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Psychic TV/PTV3, Dreamers, Adelaide Festival

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There's those numbers 2 and 3, making their calendar presence for the debut date of Genesis P-Orridge and PTV3 in Australia. Hardly a well known band here, but the name of its main protagonist was enough to stimulate at least enough interest in underground music circles for the festival organizers to offer an exclusive appearance at one of the country’s more diverse arts festivals.

Psychic TV/PTV3
Dreamers, Adelaide Festival
South Australia
March 2, 2012

And so as the rain threatened an otherwise serene sunset over the outdoor plaza setting behind the old Parliament House, organizers handed out transparent plastic ponchos to a small crowd of less than 200, a fittingly bizarre scene : punters happily donning the sticky plastic uniforms. Odd. Now, PTV3 are no ‘ordinary’ band at the best of times, at least in a non-musical sense - there is a lot of history and a lot of mythology. At 62, Genesis, fresh from having issued a qualifying press release about an apparent litigation with regard to the TG reissues, arrived on stage looking a little unwell, all platinum and wide eyed, walking stick in hand - but happy, eager and smiling the flash of gold teeth: a real trouper.

PTV3, shuffling casually onto the tiny outdoor stage, none of the attitude perhaps expected of a band name with such a mythological history. This is a band that didn't take themselves too seriously, despite the history, myth or otherwise, the subject matter and material, and Australian audiences warm to a sense of casual self-deprecation. Now a team of five, the opening cover of Hawkwinds’ "Silver Machine" set the tone for the evening : PTV3 have slowly but surely become a cracking, tight, well-oiled psychedelic rock and roll unit.

They can lurch gently, prog-hippy, then speed up to top gear without much over-studied effort, they feel natural, relaxed, organic even. Even those with no prior knowledge of Genesis’ mythology could admire their musical proficiency, snapping through some choice covers, Funkadelic’s "Maggot Brain" and Can’s "Mother Sky", and while Gen has the ability to charm and bewitch the small audience with the wit and banter of an old hand, it was the band as a whole, cohesive unit that gave the gold.

Edley O’Dowd is a much under-appreciated talent, his drumming skills never labored, recalling Budgie’s tribal thumps in The Banshees & The Creatures, all the while issuing PTV propaganda and film dialogue samples to direct effect (all ears switched on with the opening chant...sometimes I feel scared to live...) and occasional loops from drum pads. Jeff ‘Bunsen’ Berner‘s scorching white-hot buzzing and seething uber-psych guitar freakouts kept things at the outer-edges of this cosmic musical galaxy, at one stage operating on his instrument like a demented surgeon, knees buckled, guitar flat on the stage floor. Jess Stewart, the newest member of PTV3, is an accomplished and highly skilled classical and jazz musician, demonstrating delightful, subtle charm on keyboard (stunning the audience during Thank You & Alien Sky piano sections) and flute.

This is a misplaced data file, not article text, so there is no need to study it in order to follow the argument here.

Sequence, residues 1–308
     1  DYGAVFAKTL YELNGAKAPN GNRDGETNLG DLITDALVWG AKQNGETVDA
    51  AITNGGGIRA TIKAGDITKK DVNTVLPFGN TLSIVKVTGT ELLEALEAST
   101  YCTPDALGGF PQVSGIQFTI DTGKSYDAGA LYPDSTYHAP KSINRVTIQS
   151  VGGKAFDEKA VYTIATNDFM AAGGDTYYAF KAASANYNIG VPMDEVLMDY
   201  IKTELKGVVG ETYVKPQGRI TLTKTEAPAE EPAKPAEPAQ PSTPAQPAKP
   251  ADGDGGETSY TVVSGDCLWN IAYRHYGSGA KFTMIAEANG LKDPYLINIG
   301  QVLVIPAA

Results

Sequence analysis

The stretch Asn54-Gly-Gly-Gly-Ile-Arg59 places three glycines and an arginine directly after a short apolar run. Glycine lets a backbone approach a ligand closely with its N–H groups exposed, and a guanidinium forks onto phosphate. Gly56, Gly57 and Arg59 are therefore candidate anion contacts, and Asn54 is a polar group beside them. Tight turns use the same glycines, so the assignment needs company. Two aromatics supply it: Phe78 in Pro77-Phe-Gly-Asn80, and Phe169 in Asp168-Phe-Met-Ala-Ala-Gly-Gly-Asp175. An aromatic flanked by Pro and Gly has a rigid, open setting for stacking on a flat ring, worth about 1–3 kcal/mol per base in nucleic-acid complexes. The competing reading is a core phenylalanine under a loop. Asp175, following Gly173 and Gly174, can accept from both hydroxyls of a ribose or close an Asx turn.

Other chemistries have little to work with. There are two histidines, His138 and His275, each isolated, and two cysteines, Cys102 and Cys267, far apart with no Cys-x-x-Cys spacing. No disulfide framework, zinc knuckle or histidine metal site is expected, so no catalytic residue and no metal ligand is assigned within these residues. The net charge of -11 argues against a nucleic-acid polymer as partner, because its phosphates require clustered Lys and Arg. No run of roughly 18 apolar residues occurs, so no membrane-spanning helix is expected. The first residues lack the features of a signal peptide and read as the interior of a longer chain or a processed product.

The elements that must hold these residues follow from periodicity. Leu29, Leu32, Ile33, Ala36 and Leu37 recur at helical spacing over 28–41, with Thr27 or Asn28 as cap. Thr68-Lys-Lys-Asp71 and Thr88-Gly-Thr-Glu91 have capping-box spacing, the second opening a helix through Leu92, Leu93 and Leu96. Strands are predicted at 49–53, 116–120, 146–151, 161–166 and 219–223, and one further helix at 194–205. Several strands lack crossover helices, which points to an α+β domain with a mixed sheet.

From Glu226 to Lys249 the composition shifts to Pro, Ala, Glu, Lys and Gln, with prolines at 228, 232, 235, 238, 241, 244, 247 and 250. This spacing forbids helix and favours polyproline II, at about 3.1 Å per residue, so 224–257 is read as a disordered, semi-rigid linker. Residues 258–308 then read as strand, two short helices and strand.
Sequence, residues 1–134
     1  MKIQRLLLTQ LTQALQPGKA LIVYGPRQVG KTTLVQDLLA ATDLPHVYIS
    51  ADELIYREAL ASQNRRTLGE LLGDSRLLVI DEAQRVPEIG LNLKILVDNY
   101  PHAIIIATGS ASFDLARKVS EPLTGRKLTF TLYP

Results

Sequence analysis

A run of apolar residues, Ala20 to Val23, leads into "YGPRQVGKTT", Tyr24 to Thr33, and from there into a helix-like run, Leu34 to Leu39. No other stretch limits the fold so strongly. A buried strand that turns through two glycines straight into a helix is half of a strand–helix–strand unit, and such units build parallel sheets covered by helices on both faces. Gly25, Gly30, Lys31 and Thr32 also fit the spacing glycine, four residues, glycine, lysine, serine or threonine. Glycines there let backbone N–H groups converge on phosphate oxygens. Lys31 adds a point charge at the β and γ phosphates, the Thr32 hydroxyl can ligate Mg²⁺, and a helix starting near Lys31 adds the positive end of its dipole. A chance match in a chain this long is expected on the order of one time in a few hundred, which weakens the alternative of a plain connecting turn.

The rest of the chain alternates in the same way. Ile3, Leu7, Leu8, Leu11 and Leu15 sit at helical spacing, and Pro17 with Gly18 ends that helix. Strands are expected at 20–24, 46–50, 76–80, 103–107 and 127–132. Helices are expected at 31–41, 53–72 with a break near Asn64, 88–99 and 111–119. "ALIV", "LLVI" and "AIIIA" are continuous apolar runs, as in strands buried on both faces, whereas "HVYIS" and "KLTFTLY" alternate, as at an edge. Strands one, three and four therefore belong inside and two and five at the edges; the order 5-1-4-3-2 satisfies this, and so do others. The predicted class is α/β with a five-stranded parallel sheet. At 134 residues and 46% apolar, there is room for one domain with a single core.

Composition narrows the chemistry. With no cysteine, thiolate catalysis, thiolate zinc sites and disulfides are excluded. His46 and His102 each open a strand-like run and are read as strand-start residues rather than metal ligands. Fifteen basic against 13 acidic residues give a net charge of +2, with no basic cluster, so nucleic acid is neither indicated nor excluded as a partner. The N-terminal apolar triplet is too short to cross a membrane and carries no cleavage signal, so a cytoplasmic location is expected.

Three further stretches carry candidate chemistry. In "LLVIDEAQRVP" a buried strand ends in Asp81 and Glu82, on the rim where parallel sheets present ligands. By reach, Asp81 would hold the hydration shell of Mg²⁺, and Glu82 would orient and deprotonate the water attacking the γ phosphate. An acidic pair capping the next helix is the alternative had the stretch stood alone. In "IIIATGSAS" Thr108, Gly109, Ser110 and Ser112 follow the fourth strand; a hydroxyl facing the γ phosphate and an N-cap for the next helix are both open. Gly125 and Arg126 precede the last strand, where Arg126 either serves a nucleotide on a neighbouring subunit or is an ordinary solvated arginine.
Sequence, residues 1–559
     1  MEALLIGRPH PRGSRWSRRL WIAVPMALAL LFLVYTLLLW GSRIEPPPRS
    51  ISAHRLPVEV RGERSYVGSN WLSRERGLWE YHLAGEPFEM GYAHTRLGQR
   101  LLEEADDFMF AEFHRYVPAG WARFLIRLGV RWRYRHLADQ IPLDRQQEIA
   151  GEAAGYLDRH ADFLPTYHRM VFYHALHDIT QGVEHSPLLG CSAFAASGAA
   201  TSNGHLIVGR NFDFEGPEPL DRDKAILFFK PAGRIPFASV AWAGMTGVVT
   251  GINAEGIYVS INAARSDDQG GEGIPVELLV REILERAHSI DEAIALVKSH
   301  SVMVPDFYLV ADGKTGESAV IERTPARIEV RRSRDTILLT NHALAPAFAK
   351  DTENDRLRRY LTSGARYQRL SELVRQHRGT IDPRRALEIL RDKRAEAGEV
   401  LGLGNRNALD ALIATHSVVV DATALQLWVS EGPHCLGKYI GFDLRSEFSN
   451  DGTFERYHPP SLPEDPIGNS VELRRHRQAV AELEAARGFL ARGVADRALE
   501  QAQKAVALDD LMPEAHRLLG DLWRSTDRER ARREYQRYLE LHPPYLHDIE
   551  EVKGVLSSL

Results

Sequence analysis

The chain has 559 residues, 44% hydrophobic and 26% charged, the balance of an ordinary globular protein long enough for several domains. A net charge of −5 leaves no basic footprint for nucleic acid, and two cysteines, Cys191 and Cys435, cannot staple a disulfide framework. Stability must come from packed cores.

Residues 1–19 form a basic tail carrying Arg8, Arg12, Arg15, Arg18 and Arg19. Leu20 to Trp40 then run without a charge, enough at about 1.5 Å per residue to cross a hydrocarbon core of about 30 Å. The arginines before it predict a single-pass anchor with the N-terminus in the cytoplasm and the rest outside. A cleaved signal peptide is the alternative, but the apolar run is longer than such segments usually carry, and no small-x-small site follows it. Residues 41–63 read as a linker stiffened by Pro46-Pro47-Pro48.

While this PTV is a new beast, still very much capable of the darkest apocalyptic laments, like Alien Sky, surely their most accomplished studio recording to date, they easily fill out the very space of darkening sky above the Adelaide sunset, now spitting with rain on the small gathering of curious festival goers, the hot plastic ponchos now dispensed. By now, most jaded hipsters may be tired of Genesis' chronic mourning of Lady Jaye's passing, now 5 years. During the double-songs of Thank You, patters of rain augmented Genesis’ conversation with the late Lady Jaye, as the audience were guided through their love story, the gentle raindrops became both their tears.

At times the blending of the two was difficult to watch, as the singer caressed the screen images of the beloved with open arms, back to the audience, in trance. This not a grieving that is sentimental or cloying, or indeed easily understood by an audience without any prior knowledge of their love story - but it was a deeply felt emotion by performer and audience.

Any sense an apparent disturbance was again tempered by the whip-crack form of the band : a kaleidoscopic zillion-colored swirl of 21st century psychedelic rock and roll : bass, guitar, keyboard and drums, the standard instruments, but applied with mastery of skill by a family of relaxed, affectionate and loving players : smiling often, an affectionate touch here, a caring gesture mid-song (earlier they even did whimsy with the only old PTV track - White Nights) demonstrating that this band has a genuine affection for each other and their audience, that there is little self-importance, despite the perception of magical histrionics that so easily comes to mind with the name Psychic Television.

After an hour and a half, barely seven songs, just under half of them covers, as an encore loomed, a croaky drunken punter screamed for "Unclean" from the gathering—a song and a life long left well alone by its maker. In its place, "just to piss you off, we are going to finish with a joyful, happy song," and the band came full circle, closing with another Hawkwind song, their version of 1970 single "Hurry on Sundown."

Even the outer-edges of the abyss eventually might get some late cracks of sunlight. And so, it seems that at this time, even well after the sun had set, out of the darkness, some truly beautiful and yes, magical lights burnt bright in the southern skies.



Last Updated on Friday, 13 April 2012 20:04  


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